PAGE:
Regulation of Intracellular and Mitochondrial Sodium in Health and Disease

Elizabeth Murphy, David A. Eisner

    Research output: Contribution to journalArticlepeer-review


    The transmembrane sodium gradient is essential for both excitability of the cardiac cell and the regulation of the cytoplasmic concentrations of Ca and protons. In addition, movements of Na across the mitochondrial membrane affect matrix protons and calcium. In the first part of the review, we discuss the most important pathways responsible for sarcolemmal and mitochondrial sodium movements. The bulk of the review considers the changes of intracellular Na concentration ([Na]i) that occur in disease, specifically, ischemia, reperfusion, and heart failure. We review evidence implicating the increase of intracellular sodium to either increased influx of sodium (via either sodium channels or sodium/hydrogen exchange) or, alternatively, to decreased efflux on the Na/K pump. Although much has been learned about sodium regulation in the heart, there are still many unanswered questions, particularly concerning mitochondrial Na regulation. © 2009 American Heart Association.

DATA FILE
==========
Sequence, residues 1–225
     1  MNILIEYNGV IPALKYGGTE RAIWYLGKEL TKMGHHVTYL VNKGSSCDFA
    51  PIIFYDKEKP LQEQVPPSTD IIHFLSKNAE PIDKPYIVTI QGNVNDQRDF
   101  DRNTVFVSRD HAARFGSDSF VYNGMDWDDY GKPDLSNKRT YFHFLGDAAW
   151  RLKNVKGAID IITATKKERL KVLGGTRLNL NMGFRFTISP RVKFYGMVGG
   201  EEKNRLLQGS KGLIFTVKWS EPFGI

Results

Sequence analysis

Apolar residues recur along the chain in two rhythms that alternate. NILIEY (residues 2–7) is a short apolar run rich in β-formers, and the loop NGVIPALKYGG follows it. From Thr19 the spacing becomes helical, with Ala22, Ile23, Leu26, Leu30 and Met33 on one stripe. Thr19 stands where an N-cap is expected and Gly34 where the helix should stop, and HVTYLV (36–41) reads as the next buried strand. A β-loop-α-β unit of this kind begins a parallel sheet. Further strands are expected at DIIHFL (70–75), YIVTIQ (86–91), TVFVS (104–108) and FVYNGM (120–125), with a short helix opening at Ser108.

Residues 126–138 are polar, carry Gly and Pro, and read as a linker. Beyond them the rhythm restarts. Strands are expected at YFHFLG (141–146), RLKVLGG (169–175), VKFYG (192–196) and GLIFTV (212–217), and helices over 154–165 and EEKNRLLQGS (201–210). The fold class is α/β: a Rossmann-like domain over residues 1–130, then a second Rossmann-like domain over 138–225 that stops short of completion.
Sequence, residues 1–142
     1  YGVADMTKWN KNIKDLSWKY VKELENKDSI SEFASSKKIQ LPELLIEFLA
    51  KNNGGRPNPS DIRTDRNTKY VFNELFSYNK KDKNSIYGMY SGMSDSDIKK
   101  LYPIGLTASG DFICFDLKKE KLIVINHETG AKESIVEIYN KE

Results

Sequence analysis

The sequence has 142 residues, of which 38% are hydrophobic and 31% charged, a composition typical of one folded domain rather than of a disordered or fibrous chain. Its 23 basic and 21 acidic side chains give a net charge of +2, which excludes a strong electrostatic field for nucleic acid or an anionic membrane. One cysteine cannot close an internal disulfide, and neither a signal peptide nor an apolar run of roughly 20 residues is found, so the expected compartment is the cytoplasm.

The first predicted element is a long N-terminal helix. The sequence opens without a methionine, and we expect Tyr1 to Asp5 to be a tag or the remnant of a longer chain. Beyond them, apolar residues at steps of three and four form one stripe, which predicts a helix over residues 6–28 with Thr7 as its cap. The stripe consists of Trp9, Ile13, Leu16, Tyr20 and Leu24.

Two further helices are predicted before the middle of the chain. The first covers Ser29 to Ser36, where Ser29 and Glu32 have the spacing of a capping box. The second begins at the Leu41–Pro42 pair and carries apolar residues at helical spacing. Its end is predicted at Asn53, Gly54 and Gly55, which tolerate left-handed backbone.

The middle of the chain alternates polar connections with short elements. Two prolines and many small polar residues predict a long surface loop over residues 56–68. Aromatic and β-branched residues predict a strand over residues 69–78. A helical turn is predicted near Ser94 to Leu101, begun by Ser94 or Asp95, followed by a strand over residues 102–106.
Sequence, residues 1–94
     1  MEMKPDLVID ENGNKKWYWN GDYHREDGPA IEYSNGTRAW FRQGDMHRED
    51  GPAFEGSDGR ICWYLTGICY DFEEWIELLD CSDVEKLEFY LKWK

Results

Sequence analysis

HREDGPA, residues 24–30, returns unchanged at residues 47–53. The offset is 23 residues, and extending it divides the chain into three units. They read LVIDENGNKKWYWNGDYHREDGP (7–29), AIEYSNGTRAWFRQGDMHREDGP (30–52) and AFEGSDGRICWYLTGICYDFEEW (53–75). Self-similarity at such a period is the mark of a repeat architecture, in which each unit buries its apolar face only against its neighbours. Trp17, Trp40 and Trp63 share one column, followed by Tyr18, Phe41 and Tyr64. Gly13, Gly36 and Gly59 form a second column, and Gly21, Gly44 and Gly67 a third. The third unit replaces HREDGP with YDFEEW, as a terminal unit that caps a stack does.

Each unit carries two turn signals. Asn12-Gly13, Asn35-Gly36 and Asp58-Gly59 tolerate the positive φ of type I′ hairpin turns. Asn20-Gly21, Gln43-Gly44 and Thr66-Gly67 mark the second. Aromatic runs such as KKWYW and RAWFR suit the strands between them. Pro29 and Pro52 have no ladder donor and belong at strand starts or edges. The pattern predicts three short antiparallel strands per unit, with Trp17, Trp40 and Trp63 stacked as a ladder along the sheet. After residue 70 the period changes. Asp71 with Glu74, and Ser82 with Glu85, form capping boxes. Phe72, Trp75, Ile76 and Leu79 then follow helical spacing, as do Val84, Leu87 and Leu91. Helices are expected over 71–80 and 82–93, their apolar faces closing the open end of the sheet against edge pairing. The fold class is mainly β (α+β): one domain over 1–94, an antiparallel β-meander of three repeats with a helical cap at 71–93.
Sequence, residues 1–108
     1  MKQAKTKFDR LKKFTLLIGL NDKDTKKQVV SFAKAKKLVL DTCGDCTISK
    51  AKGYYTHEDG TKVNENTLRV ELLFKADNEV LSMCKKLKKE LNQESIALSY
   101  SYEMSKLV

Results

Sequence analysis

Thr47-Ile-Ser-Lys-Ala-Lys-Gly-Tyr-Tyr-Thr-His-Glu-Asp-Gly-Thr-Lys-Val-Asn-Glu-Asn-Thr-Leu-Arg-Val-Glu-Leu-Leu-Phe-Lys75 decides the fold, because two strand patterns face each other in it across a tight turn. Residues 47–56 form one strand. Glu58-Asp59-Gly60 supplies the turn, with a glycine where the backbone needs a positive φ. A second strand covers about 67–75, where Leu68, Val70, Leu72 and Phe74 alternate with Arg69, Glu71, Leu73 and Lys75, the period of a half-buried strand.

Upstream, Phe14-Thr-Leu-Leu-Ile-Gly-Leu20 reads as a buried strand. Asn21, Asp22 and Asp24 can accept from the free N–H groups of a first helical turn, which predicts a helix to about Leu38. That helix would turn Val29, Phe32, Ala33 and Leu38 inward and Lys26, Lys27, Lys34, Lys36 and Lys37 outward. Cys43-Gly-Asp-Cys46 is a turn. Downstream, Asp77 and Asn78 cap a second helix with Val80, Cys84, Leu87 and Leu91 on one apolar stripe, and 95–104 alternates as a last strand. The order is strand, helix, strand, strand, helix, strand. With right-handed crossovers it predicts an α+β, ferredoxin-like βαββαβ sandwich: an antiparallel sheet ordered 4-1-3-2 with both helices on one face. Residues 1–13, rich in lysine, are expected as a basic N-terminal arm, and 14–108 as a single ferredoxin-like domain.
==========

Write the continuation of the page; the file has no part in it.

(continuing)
Original languageEnglish
    Pages (from-to)292-303
    Number of pages11
    JournalCirculation research
    Issue number3
    Publication statusPublished - 13 Feb 2009


    • Calcium
    • Heart failure
    • Ion transport
    • Ischemia/reperfusion
    • Mitochondria
    • Sodium


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